Tencent is also investing in movies, such as the long-awaited sequel, “Top Gun: Maverick,” starring Tom Cruise, which provides the most overt example of how its service to the Chinese Communist Party with the changes made to his leather jacket. In the original “Top Gun,” Lt. Peter “Maverick” Mitchell’s jacket has the flag of Taiwan and the flag of Japan, but in the sequel, the same jacket belonging to now-Captain Mitchell has neither flag.

In California, six WeChat users are suing Tencent for censoring them and surveilling them in the interests of the Chinese Communist Party. The suit claims significant financial, emotional, and psychological harm due to those practices and policies.

Christopher A. Ford, who was then the assistant secretary of state, heading the Bureau of International Security and Nonproliferation, said at a Sept. 11, 2019, Multilateral Action on Sensitive Technologies Conference in Washington, the problem is that Tencent, among other Chinese technology giants, are now tools of the Chinese Communist Party, for its military for surveillance and social control of the population.

“Huawei and other Chinese tech companies such as Tencent, ZTE, Alibaba, and Baidu are thereby used to reinforce the government’s surveillance efforts,” Ford said.

“As these companies export their products and services to the rest of the world, the security and human rights problems associated with this ‘China Model’ are progressively exported with them,” he said. “Already, it has been reported that Ecuador, Venezuela, and Pakistan, among others, have become customers for such firms’ repression-facilitating technologies.”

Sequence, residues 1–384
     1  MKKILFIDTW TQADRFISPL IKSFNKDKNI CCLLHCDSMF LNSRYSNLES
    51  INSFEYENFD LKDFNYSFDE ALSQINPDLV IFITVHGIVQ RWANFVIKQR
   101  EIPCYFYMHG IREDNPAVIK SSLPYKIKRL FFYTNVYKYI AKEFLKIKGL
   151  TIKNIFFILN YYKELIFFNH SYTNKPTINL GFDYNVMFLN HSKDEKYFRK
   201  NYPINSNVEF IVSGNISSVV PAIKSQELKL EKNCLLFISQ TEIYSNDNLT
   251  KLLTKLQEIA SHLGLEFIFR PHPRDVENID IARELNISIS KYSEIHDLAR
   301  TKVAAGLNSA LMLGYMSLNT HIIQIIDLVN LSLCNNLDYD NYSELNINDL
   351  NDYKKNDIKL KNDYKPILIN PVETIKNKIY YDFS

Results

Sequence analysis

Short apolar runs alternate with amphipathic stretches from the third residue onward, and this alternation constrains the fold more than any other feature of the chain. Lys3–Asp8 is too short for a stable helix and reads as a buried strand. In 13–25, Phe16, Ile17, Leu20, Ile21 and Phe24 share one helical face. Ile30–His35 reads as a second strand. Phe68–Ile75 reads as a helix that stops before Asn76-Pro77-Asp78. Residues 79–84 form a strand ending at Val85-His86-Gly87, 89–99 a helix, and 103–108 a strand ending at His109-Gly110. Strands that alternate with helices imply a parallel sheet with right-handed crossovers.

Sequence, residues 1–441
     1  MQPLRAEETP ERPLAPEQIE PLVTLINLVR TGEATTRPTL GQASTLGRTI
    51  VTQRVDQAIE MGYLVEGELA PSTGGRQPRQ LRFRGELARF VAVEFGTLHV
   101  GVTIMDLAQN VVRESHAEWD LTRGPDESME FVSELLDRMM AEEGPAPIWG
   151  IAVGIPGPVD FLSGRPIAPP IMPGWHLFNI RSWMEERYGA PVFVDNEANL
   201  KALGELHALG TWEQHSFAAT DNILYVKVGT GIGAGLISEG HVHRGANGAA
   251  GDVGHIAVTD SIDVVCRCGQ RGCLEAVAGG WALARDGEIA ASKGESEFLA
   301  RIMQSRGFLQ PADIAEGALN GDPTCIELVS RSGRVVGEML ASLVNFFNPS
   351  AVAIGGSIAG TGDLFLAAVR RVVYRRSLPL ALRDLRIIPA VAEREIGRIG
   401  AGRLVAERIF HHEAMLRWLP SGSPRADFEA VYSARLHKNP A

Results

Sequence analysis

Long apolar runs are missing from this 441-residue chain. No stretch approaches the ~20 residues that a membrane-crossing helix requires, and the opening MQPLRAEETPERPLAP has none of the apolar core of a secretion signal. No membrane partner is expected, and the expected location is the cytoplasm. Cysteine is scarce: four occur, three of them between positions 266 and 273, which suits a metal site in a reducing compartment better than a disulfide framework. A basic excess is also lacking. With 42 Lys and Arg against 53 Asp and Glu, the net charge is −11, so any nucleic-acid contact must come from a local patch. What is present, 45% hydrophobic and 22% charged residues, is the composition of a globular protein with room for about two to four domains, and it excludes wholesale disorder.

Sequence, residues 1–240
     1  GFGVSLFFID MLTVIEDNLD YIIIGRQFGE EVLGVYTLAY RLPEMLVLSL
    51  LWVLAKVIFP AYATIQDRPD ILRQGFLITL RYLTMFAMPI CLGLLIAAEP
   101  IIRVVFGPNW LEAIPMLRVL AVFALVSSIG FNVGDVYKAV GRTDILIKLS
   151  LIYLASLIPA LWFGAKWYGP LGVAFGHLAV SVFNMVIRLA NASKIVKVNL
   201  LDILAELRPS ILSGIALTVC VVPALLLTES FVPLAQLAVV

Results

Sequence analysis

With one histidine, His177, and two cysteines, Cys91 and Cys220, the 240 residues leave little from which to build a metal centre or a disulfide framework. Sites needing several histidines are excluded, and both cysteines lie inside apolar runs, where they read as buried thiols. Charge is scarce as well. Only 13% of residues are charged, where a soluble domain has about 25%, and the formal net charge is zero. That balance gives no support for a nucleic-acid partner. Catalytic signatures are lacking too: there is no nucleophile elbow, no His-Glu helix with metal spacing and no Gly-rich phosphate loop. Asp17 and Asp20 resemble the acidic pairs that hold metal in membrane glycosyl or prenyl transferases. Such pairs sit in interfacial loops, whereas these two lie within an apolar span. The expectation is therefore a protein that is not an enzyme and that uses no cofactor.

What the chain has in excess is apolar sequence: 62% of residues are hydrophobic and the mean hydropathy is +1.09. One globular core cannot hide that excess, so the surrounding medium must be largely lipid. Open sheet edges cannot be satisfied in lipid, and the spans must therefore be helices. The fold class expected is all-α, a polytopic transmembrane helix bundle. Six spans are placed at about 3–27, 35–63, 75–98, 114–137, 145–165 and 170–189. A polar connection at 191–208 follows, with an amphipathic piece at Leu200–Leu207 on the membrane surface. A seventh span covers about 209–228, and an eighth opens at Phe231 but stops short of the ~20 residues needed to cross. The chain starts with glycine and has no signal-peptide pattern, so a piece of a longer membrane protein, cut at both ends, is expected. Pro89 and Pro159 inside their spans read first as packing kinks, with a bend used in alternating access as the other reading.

Ford said this was not a new thing:

Back in the days of Mao Zedong, the iron grip of pervasive Party social and political control in China had to be maintained with the help of sons who would rat out their fathers for ideological nonconformity, students who would denounce their teachers for political crimes, neighborhood mutual-vigilance committees, public self-criticism sessions, mass imprisonment, and secret executions for which families would be sent a small bill to cover the cost of the bullet.

By contrast, the Chinese regime’s social control techniques in this era of Big Data are growing vastly more sophisticated and, in a sense even more deeply pervasive than ever – with a goal to construct an almost literally omnipresent surveillance state with sweeping opportunities for forms of electronically-facilitated coercion that are both exquisitely tailored to individual citizens and massively scaled for a population of more than a billion people. This is the frightening information-managed dystopia described by Samantha Hoffman as “Techno-Enhanced Authoritarianism.”

VIPKids censors content, teachers

Tencent joined at least two VIPKids’ fundraising rounds in a $200 million tranche in 2017 and a $500 million tranche in 2018. The last round had investors buying into VIPKids at a $3 billion valuation.